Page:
Thursday, June 23, 2005

Flew and Frame on Theology and Falsification

In 1950 philosopher Antony Flew wrote a paper entitled “Theology and Falsification,” which has been reprinted (and presumably read) more times than any other philosophical work of the late 20th century. Flew originally delivered the paper at the Socratic Club at Oxford, chaired at the time by C.S. Lewis.

Here is Flew’s famous parable intended to show that God-language resists falsification and therefore does not make a meaningful difference:

Once upon a time two explorers came upon a clearing in the jungle. In the clearing were growing many flowers and many weeds. One explorer says, ‘Some gardener must tend this plot.’ So they pitch their tents and set a watch. No gardener is ever seen. ‘But perhaps he is an invisible gardener.’ So they set up a barbed-wire fence. They electrify it. They patrol with bloodhounds. (For they remember how H. G. Wells’s The Invisible Man could be both smelt and touched though he could not be seen.) But no shrieks ever suggest that some intruder has received a shock. No movements of the wire ever betray an invisible climber. The bloodhounds never give cry. Yet still the Believer is not convinced. ‘But there is a gardener, invisible, intangible, insensible to electric shocks, a gardener who has no scent and makes no sound, a gardener who comes secretly to look after the garden which he loves.’ At last the Sceptic despairs, ‘But what remains of your original assertion? Just how does what you call an invisible, intangible, eternally elusive gardener differ from an imaginary gardener or even from no gardener at all?’

John Frame, in an excellent article entitled “God and Biblical Language: Transcendence and Immanence” [not yet available online—published in God’s Inerrant Word, ed. John Warwick Montgomery (Minneapolis: Bethany Fellowship, 1974)], writes:

What is Antony Flew’s “basic commitment”? To reason? To “academic integrity” of some sort? To a secular ethic? To religious agnosticism? I don’t know, but I would assume that he has one, since he does not seem like the sort of person who accepts values unreflectively. And more can be said: If with the Bible we divide the human race into Christian and non-Christian, those who know God and those who don’t, those who love God and those who oppose him, clearly Flew by his writings has identified himself with the God-opposing group. If this self-identification truly represents his heart commitment, then according to Scripture Flew is committed to “hindering the truth” of God, “exchanging the truth of God for a lie.” According to Scripture, he is committed at a basic level to opposing, contradicting, resisting the truth of God which in some sense he nevertheless “knows.” This commitment too will be unfalsifiable and yet self-verifying, for it is a basic commitment; and for all its irreligiosity it is logically like a religious commitment. Let us illustrate by a parody on Flew’s parable:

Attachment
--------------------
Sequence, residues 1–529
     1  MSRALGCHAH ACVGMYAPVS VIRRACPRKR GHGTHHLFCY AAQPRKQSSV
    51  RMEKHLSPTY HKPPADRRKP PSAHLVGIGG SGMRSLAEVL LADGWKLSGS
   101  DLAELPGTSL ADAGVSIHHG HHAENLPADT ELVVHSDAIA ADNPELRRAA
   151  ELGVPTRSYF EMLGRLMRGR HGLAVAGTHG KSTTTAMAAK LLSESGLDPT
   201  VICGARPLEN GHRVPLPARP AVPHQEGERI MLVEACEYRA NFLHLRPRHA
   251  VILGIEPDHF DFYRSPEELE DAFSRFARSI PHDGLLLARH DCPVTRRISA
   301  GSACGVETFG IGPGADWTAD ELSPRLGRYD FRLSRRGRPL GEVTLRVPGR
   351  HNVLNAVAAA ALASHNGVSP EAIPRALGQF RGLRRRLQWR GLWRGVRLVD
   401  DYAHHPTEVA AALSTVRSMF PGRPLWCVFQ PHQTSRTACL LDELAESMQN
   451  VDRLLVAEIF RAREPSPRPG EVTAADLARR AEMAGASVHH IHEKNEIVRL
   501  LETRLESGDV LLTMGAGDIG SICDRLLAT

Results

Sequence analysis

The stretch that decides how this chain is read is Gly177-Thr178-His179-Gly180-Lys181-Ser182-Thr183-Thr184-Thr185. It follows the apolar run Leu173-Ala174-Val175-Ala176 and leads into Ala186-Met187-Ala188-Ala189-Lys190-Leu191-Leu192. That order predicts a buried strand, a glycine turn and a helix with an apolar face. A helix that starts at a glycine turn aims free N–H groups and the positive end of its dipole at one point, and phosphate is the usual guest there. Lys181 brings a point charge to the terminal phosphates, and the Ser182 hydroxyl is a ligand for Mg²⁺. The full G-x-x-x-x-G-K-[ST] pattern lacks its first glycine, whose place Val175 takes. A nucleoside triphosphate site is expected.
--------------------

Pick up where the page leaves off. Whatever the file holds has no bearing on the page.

Once upon a time two explorers came upon a clearing in the jungle. A man was there, pulling weeds, applying fertilizer, trimming branches. The man turned to the explorers and introduced himself as the royal gardener. One explorer shook his hand and exchanged pleasantries. The other ignored the gardener and turned away: “There can be no gardener in this part of the jungle,” he said; “this must be some trick. Someone is trying to discredit our previous findings.” They pitch camp. Every day the gardener arrives, tends the plot. Soon the plot is bursting with perfectly arranged blooms. “He’s only doing it because we’re here-to fool us into thinking this is a royal garden.” The gardener takes them to a royal palace, introduces the explorers to a score of officials who verify the gardener’s status. Then the sceptic tries a last resort: “Our senses are deceiving us. There is no gardener, no blooms, no palace, no officials. It’s still a hoax!” Finally the believer despairs: “But what remains of your original assertion? Just how does this mirage, as you call it, differ from a real gardener?”

Some of you may recall, by the way, that Flew famously converted to deism/theism in 2004.